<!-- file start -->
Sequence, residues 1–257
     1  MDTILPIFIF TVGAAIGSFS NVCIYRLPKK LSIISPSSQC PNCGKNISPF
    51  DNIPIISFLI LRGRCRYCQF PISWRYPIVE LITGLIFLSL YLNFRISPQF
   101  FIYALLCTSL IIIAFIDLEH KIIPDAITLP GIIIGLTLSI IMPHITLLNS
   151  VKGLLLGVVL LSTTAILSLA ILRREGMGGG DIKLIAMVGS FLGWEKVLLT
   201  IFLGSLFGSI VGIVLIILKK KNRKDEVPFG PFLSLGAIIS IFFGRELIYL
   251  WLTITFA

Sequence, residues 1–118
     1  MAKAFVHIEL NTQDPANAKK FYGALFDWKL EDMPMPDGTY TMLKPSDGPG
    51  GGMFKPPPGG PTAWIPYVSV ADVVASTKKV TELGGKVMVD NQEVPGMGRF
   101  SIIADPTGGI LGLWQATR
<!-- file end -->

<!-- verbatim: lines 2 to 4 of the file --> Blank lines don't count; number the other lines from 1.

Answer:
     1  MDTILPIFIF TVGAAIGSFS NVCIYRLPKK LSIISPSSQC PNCGKNISPF
    51  DNIPIISFLI LRGRCRYCQF PISWRYPIVE LITGLIFLSL YLNFRISPQF
   101  FIYALLCTSL IIIAFIDLEH KIIPDAITLP GIIIGLTLSI IMPHITLLNS